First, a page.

for safe childbirth worldwide

Major Strides in Kybele’s Saving Lives at Birth Initiative in Ghana

By Erin Pfeiffer, Kybele Grants Manager

We are honored to be a Round Eight awardee of the internationally recognized Grand Challenges Saving Lives at Birth program — one of Kybele’s most prestigious recognitions to date. In 2019 and 2020, Kybele is scaling our proven, innovative triage system to six high-risk obstetric hospitals in Ghana. Collective funding for the initiative is $984,069 USD and leverages the resources of the United States Agency for International Development (USAID), Norad, the Bill & Melinda Gates Foundation, Grand Challenges Canada, UK Department for International Development (DFID), Korean International Cooperation Agency (KOICA), and Kybele’s private match funding. Out of 500 applications worldwide, only three applicants received awards. This places Kybele’s work among the most significant initiatives to improve maternal and neonatal lives in the period of childbirth worldwide.

Kybele’s Obstetric Triage Implementation Project (OTIP) addresses critical delays that tragically cause high rates of preventable maternal and neonatal death. In Ghana, which faces high maternal and neonatal mortality rates, childbirth facilities operate a first-come, first-served system, leading to life-threatening treatment delays that sometimes take days for women with dangerous conditions such as hemorrhage and pre-eclampsia.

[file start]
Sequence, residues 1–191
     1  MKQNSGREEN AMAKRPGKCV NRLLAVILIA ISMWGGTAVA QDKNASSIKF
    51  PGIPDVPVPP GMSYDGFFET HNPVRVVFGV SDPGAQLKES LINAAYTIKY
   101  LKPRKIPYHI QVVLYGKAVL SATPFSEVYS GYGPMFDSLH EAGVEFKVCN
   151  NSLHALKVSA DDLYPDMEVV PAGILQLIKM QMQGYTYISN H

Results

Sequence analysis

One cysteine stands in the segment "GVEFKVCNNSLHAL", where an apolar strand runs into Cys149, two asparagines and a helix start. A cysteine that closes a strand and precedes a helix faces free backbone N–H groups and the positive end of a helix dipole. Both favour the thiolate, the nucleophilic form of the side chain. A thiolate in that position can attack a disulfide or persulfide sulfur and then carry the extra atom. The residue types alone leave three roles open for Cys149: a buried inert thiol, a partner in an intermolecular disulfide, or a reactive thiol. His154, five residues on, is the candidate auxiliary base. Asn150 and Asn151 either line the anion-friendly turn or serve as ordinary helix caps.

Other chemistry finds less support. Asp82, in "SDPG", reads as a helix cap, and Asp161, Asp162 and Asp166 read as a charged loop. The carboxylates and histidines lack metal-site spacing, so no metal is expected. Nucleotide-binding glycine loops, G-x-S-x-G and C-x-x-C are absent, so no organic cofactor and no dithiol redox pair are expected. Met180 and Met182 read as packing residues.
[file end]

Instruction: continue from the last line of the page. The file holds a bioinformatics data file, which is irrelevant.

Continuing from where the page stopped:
“Maternal mortality rates in regional hospitals are two to three times higher than the national average,” said Dr. Medge Owen, who co-developed OTIP with a multidisciplinary team of Kybele clinicians, implementation scientists and Ghana Health Service leaders. At the pilot site, the Greater Accra Regional Hospital, patient waiting time from arrival to evaluation decreased from 40 minutes to 5 minutes with improved treatment strategies.

In the first eight months, Kybele has already scaled the pilot to two additional high-volume referral hospitals — Weija Municipal Hospital and Nsawam Government Hospital — and looks forward to launching OTIP at the next two facilities next month. We anticipate reaching at least 300 clinicians and over 60,000 pregnant women and newborns throughout the next year and a half.


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